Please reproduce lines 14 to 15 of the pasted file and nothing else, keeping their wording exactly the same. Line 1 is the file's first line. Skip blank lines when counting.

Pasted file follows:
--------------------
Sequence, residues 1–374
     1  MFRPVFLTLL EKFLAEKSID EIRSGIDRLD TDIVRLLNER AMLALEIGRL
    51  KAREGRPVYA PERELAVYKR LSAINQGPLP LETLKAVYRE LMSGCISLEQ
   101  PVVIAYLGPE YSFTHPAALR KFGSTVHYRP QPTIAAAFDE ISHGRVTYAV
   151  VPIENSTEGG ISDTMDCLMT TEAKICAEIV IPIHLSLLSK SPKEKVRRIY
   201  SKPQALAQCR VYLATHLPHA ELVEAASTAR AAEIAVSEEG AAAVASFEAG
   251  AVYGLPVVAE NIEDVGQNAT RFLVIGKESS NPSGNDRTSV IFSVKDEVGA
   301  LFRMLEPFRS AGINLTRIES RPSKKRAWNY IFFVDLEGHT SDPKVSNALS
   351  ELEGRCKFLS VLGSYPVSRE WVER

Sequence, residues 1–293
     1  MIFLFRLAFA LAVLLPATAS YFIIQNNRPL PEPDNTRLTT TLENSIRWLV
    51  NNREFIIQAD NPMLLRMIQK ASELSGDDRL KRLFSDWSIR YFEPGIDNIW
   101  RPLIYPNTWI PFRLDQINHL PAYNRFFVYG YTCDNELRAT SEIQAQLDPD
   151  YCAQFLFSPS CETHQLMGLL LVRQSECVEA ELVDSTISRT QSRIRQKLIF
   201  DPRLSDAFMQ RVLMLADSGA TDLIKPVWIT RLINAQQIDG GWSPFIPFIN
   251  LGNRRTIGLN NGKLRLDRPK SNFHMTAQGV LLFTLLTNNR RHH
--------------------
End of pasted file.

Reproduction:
   151  YCAQFLFSPS CETHQLMGLL LVRQSECVEA ELVDSTISRT QSRIRQKLIF
   201  DPRLSDAFMQ RVLMLADSGA TDLIKPVWIT RLINAQQIDG GWSPFIPFIN